This was the thirteenth, or last township, organized July 15, 1781, at the organization of Washington County.
The original boundaries were the Ohio River on the north; Robinson and Cecil townships on the east; Hopewell on the south, and Virginia on the west.
On the 5th day of January, 1786, an application was made to the court for a division, which being sanctioned, a certificate was sent to the Supreme Executive Council who, on the 11th of March,1786, confirmed the decree of the court, and Hanover township was thereby erected. October 7, 1830, part of the division line between Hanover and Smith townships was confirmed by the court.
At the May session of the court, held in 1856, the boundary lines between Cross Creek and Smith were changed and confirmed.
Its present boundaries are Hanover and Robinson townships on the north; Robinson and Mount Pleasant on the east; Cross Creek and Mount Pleasant on the south; Jefferson; Hanover, and Cross Creek on the west. Its greatest length eight miles; breadth six miles. It is centrally situated northwest from Washington borough sixteen miles.
It is drained northwest by Racoon Creek and its branches. Population in 1860, 1417, of whom twenty-four were colored.
It contains fourteen stores, ten schools, with five male and five female teachers, the former receiving $43.33 per month and the latter $33; having 394 scholars, of whom 203 are males and 191 females; tuition costing per month, $1.33. Amount of tax levied for school purposes, $2730; received from the State appropriation $131.04.
The Pittsburg and SteubenviIIe Railroad passes through the township.
The towns are Burgettstown, Bulger, Bavington, and Whitetown coal works.
On February 28, 1795, George Burgett laid out Burgettstown on the south fork of Racoon Creek, one mile north of the centre of the township. Then it was called West Boston, but the neighbors desiring to honor the founder of their village called it Burgettstown.
It is seventeen miles northwest of Washington, and on account of its locality, being on the Pittsburg and Steubenville Railroad, has become one of the most important towns of our county. The Rev. J. T. Fredericks laid out an addition to the town in 1865, whereon is the railroad station. The lots are selling rapidly and the town increasing by the erection of good and substantial buildings, and an energetic and thriving community.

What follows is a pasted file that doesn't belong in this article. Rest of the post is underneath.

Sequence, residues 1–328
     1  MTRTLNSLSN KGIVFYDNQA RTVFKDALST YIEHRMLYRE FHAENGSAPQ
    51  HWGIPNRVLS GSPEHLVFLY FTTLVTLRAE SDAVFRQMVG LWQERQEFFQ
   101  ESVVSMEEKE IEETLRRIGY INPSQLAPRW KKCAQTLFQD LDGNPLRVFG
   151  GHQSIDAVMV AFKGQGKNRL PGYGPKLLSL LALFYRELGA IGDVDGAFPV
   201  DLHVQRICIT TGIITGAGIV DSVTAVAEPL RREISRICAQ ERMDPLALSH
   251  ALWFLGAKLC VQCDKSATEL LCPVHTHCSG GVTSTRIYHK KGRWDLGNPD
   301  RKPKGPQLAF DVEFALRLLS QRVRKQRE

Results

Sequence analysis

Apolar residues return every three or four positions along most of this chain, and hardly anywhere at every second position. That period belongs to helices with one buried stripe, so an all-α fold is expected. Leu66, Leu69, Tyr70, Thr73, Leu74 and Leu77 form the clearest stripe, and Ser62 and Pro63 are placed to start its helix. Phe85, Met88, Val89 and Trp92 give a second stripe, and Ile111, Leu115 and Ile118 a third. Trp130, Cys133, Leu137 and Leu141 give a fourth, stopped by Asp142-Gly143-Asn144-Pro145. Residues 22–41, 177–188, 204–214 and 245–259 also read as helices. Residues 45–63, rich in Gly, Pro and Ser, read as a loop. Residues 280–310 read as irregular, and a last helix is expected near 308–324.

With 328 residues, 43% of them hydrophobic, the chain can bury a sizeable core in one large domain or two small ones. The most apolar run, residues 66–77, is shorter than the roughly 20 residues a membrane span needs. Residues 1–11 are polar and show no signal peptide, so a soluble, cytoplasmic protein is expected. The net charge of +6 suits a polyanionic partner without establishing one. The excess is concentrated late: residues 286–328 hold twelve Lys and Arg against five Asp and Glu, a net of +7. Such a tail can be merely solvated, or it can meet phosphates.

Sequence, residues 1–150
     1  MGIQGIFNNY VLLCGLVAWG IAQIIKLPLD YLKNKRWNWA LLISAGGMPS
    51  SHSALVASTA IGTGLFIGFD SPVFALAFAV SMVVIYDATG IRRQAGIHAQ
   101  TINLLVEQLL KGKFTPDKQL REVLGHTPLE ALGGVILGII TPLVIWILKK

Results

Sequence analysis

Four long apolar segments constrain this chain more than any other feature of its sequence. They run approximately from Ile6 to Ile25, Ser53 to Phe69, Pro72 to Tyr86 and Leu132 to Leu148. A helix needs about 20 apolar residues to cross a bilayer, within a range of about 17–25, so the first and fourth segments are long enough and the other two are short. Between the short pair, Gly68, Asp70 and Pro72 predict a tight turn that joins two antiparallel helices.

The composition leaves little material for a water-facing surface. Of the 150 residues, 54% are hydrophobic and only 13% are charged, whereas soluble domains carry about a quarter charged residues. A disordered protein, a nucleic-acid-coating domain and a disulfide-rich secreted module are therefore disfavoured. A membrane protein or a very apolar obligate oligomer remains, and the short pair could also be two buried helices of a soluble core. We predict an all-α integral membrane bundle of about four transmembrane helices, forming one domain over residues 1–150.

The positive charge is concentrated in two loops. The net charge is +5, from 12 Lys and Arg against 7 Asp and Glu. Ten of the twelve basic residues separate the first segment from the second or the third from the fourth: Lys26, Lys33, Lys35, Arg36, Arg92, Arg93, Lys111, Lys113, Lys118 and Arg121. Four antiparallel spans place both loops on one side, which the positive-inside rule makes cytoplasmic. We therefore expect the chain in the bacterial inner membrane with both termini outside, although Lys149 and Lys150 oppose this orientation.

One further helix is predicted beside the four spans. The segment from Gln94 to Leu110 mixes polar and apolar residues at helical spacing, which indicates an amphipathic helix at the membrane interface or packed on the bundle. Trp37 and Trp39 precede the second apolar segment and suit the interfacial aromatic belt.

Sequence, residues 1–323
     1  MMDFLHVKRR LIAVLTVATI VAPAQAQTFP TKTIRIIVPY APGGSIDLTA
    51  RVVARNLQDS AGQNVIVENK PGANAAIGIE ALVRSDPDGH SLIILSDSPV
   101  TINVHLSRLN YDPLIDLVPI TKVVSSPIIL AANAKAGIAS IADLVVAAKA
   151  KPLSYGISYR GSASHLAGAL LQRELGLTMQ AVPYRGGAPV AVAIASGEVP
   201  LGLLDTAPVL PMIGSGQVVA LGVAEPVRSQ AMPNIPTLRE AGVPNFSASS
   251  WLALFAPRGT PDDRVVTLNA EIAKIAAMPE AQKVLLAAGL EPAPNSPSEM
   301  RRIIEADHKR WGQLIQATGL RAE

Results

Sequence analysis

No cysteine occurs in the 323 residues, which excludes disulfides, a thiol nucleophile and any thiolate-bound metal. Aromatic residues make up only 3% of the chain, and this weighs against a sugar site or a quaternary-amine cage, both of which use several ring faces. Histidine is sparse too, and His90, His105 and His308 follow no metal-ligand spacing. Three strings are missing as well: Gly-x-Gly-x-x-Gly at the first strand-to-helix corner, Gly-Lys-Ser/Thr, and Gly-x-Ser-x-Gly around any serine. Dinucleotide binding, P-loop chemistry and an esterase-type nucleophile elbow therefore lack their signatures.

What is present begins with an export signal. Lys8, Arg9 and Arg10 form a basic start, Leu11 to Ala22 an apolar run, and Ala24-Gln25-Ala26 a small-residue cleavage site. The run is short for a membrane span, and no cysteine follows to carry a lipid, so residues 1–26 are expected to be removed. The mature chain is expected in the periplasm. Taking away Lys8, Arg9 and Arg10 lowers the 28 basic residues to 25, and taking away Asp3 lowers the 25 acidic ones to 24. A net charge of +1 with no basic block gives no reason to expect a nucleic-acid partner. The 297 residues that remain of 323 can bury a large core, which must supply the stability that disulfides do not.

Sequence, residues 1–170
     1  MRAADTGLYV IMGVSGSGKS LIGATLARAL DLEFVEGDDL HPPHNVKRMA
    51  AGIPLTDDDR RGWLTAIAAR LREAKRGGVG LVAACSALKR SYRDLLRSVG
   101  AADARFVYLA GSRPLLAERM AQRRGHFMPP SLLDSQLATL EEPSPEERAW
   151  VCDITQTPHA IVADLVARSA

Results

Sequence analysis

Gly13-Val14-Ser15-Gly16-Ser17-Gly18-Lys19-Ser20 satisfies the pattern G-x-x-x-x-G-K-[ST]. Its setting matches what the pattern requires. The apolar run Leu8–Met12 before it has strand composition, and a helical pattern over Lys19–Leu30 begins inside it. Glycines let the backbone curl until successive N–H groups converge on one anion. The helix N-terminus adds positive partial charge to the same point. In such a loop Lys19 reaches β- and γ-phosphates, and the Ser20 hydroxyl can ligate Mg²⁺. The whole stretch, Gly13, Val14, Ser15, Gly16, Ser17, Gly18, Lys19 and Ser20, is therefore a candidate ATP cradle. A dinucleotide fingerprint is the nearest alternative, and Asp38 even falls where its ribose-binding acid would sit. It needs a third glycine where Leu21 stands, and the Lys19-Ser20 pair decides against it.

Bulger is a smaIl village near Bulger station, about three miles east of Burgettstown.
Bavington is in the northeast corner of the township, and Whitetown coal works is on the railroad, and laid out on Mr. Simpson's farm.
On the 10th of June, 1810, Captain John Bavington of this township attempted to cross the Ohio River at Kelley's Ferry on a flatboat (the mouth of Harman's Creek) with a wagon loaded with whiskey and flour and four horses. When half way across, by the stamping of the horses, one of the boards became loosened, the boat filled with water, the load sank, and Capt. Bavington and the ferryman were drowned. When the bodies were found Capt. B had his whip firmly grasped in his hand. The depth of the Ohio River did not cover the bows of his wagon. He was buried at the cross roads near Florence.
In the year 1845, a petition was sent to the Presbytery of Washington, for the organization of a church at Burgettstown, which prayer was denied, and an appeal taken to the Synod of Wheeling, who granted the request and directed the Presbytery to organize the church. This was effected October 18, 1849, and Reverend Joel Stoneroad was elected the pastor. In October, 1850, he was succeeded by the Rev. James P. Fulton, and remained its pastor until 1857; and in the spring of 1858 the Rev. James T. Frederick, the present pastor, was called, and ordained in October following.
In 1860 the church was enlarged and refitted.
There are two United Presbyterian churches in this township, the former in Burgettstown. It was organized about 1809, the Rev. W. C. Brownlee, D. D., was pastor from May 3, 1809, to September 1, 1812; Rev. Alexander Donnan, from July 6, 1819, to May 12, 1840; Rev. R. J. Hammond from 1845 to April 15, 1856; Reverend S. H. Graham is the present pastor.
It has a membership of 160.
Centre U. P. Church was organized in 1859. Rev. D. S. Kennedy has been its pastor from September 4, 1862, until the present time, with a membership of 150.
There was, many years since, on the farm of James Leech, Esq., on the road leading from Hickory to Burgettstown, about half way, a United Presbyterian church called Mount Vernon, but the organization does not now exist.
Smith township has the honor of contributing more poetry to the intellectual world than any township or borough in the county.
Mr. David Bruce, a native of Scotland, emigrated to America in 1784, and in the year 1794 he settled in Burgettstown as a merchant. In his leisure moments he devoted his time to composing poems, written in the Scottish dialect, under the signature of the Scots Irishman, which were first published in the Western Telegraph, published in Washington by John Colerick, who afterwards embodied them into a valuable work on account of their merit. In these poems, Mr. Bruce displays a vivid imagination, and both wit and satire are at his command, while patriotism flows in gentle and harmonious strains.
# # #
Source: HISTORY of WASHINGTON COUNTY, From Its First Settlements to the Present Time, second edition, revised and corrected by Alfred Creigh, LL.D., Harrisburgh, Pa., B. Singerly, Printer, 1871. Reprinted 1987 Closson Press, Publishers.